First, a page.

For the really big stuff it absolutely HAS to have early outside influence. We just do not see the future from our own present without help.

“Why” in this case is to craft, guide and build toward a brand new future.

Strategy Integration

Does your organization come up with plans and then pass them off to someone or some function to “implement”? Is that really working for you? Could you make a list of how that is not working?

A Change Entity placed high enough, with enough autonomy, can knit together strategy and work. One well designed (outside influence set up correctly will help here too) can even help to craft smart strategy. If not crafting then planting the seeds for smart ideas.

Implement was in quotes earlier. Integrate and implement have a different feel and a different meaning. Implementation ends, integration continues. As you are thinking through this change entity thing keep in mind times when continuation makes sense and times when beginnings and endings need to be clear.

Organizational Development

Are you short of competencies?

Is half of your stakeholder base contracted?

Is the reason it is tough for your organization to change because the resource loading takes so long (and never really fills needs)?

You can create a change entity that pays attention to old fashioned OD. Use projects, programs and initiatives as the forums to build skill and competencies. A change group can pay attention to who those externals are and how that knowledge and capability is being transferred to internal resources.

Improve Project Process

This is the most common reason Change Functions (a purposeful change of our word) are created.

The project teams are not doing their job.

STOP again. It is likely not their fault, but a combination of many things, that is making projects “fail”.

A well constructed change entity that knows CM is very different from project management, can help address the people equation, the project process itself and the ties to strategy and competency building.

Has to be said- do this on your own and things will get MUCH, MUCH worse. This is a scenario where a trusted adviser is your best bet. That and some dedicated, talented internal leaders.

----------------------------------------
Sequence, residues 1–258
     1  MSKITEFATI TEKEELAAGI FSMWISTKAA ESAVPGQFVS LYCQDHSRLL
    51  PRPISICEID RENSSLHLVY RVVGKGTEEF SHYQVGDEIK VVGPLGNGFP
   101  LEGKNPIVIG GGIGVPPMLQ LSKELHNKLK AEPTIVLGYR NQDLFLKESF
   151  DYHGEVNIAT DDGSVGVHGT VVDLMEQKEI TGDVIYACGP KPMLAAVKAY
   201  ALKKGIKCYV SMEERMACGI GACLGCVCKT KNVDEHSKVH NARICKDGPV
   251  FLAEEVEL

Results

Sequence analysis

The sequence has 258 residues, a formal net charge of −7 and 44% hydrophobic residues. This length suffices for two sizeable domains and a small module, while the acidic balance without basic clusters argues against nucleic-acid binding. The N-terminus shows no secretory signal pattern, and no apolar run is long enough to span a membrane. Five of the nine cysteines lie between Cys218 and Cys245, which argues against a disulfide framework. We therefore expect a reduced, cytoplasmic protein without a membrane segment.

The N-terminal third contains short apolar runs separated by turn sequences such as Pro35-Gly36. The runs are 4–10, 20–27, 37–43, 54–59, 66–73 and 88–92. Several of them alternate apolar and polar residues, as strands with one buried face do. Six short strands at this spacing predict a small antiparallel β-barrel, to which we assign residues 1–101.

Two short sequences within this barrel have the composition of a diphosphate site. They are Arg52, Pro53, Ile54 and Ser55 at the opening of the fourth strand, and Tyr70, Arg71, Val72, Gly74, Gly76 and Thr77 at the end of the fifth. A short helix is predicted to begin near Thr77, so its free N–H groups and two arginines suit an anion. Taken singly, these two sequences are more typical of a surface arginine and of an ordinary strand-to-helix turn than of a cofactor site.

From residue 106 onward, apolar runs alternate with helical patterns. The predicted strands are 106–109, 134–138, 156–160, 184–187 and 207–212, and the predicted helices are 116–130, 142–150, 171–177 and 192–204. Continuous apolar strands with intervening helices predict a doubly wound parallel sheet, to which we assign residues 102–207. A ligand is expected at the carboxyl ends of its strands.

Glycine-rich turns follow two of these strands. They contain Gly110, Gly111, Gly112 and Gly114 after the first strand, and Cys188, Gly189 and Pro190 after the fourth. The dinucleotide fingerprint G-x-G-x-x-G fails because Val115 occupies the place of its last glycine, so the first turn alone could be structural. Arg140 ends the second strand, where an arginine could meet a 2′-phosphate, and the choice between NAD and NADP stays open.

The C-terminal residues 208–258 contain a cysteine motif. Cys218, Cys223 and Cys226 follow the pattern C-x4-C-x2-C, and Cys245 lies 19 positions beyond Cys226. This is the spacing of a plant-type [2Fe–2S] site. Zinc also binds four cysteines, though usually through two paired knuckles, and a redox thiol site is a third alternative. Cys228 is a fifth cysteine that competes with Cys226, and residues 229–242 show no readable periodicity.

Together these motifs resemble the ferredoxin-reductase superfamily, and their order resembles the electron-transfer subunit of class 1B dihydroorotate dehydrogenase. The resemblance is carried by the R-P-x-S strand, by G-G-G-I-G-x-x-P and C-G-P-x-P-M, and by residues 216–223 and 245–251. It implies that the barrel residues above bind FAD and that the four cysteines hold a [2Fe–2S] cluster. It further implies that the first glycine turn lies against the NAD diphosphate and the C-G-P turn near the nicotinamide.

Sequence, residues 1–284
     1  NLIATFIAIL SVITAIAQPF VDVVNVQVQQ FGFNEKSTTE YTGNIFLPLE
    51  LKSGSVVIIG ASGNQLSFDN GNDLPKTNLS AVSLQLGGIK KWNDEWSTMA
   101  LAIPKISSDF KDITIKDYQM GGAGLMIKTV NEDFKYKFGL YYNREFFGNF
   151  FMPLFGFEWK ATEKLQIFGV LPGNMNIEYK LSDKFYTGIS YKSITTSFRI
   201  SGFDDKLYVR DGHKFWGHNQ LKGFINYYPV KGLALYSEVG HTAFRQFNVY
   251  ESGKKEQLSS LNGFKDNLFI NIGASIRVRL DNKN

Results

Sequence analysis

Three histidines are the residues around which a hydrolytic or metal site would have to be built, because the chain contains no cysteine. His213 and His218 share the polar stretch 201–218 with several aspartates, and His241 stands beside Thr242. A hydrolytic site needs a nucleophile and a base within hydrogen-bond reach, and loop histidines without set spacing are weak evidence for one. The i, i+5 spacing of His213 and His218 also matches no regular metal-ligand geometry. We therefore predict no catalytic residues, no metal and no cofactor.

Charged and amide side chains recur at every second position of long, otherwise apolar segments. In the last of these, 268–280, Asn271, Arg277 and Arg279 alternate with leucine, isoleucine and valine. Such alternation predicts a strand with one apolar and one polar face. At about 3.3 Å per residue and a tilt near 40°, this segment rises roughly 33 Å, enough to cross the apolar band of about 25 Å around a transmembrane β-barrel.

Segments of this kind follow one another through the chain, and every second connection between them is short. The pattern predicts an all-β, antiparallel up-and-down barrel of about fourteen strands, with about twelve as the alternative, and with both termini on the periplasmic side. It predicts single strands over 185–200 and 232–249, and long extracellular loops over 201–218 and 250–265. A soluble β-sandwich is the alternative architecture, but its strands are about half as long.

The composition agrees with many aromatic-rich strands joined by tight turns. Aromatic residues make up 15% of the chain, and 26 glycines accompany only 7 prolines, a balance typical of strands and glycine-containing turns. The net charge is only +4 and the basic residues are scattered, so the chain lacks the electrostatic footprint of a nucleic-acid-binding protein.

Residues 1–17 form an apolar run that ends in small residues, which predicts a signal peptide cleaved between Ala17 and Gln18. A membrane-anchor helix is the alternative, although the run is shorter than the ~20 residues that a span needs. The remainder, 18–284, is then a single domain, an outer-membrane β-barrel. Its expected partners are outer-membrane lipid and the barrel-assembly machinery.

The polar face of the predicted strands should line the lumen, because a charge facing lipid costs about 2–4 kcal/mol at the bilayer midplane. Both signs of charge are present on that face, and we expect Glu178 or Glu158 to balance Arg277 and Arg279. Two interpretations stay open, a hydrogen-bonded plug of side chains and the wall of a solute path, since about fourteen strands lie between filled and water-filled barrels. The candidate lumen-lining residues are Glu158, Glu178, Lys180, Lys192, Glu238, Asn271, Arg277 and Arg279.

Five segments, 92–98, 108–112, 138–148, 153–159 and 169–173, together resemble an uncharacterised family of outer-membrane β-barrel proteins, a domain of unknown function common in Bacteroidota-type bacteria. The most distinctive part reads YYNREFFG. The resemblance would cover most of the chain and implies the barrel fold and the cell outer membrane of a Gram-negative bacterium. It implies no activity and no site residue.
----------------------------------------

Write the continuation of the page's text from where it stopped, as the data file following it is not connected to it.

This is the most common kind of change group with a long list of  “should not have done’s”. The amazing thing about these groups is that they do not see the damage they are doing. They often have motivators beyond actually getting change to happen…

Your Future

Maybe you just want to make the future arrive smoothly?

Maybe you are a young organization that will most likely change soon, but you are not sure when or what that might be?

Maybe you want to build capability and capacity?

A change group calmly designed and put together before that fact (the fact being inevitable change) gets your organization ready with all the tools, processes and a few good people, to tackle that upcoming change.

That entity can morph and grow when the change arrives. In the mean time it can also help facilitate our other categories of project process and strategy integration. If you truly are small all that is close together now- manageable.

Are you thinking of a Change Entity for your organization? First ask for what. Good answers might be: true transformational change, strategic integration, organizational development, improving your project process or smartly preparing for your organizational future.

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Change Management 5 Layers


These layers don’t stack, they are not a hierarchy, they are horizontals of focus that should be happening within change initiatives. I personally address all of these early on with clients. Change will suffer without those conversations.


Not the kind of  “ownership” that is marketed with most approaches. That kind of ownership is more about getting people to lead when they will likely choose otherwise. The kind of ownership I am talking about is at the top- the person who can spend the money. This layer takes a lot of explanation. Ideally that starts with the true owner. Often though it begins with implementary or organic leaders.

Those dialogues are just as powerful.

Helping people to understand the significance of the owner, of the owners visibility, of the way the owner will empower and honor expertise can make a big difference in how the change process plays out. In a way, this understanding helps stakeholders to push some of the buttons that need pushing to get both the change reeled in and to have regular operations move smoother.


Change Management Horizontals addressed the need for translation. Translation is taking ideas and turning them into work. Translation is converting vision to objective to goal to task/work. Organizations should be doing this already with their strategy to implementation process, but they aren’t.

So a layer within change is teaching how to make these translations so they make sense at the level of translation (that may mean type or spot in the organizational hierarchy).


This may be THE area that causes change to fail.

Organizations are terrible at prioritization. And executives are typically late with the decisions needed to prioritize (they react to “scale-up” urgency).